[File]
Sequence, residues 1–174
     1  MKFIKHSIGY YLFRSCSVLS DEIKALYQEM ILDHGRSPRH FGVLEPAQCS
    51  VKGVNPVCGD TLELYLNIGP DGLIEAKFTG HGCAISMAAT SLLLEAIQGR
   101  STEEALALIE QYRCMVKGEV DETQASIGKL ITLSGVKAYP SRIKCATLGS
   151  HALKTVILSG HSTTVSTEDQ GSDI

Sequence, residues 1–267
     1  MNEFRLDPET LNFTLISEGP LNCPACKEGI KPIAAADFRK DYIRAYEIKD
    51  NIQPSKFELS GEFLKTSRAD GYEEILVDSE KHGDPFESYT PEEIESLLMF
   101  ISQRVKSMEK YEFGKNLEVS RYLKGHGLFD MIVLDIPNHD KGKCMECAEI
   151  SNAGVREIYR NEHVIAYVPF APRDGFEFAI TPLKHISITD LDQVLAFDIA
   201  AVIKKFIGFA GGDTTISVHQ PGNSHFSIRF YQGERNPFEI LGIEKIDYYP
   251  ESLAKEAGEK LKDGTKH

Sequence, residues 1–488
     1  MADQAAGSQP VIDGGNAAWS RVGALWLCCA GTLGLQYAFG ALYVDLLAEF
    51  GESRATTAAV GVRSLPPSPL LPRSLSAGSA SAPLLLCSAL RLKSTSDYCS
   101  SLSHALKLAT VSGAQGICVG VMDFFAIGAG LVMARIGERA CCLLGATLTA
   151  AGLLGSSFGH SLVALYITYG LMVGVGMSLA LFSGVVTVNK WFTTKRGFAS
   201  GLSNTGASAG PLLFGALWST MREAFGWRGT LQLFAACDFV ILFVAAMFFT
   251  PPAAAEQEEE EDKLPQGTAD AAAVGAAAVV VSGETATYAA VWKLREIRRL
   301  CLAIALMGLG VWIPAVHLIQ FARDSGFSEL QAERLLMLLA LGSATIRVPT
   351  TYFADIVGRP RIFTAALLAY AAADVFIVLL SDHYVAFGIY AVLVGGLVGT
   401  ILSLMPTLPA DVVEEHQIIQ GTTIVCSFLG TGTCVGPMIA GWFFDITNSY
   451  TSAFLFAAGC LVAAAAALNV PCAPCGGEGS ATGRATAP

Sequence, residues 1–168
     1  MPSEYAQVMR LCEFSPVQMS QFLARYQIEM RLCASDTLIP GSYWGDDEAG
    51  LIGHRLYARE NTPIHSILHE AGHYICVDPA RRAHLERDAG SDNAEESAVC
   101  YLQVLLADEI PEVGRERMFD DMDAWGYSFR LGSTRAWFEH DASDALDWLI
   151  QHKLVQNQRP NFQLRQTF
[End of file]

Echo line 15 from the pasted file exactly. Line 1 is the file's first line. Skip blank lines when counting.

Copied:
    51  GESRATTAAV GVRSLPPSPL LPRSLSAGSA SAPLLLCSAL RLKSTSDYCS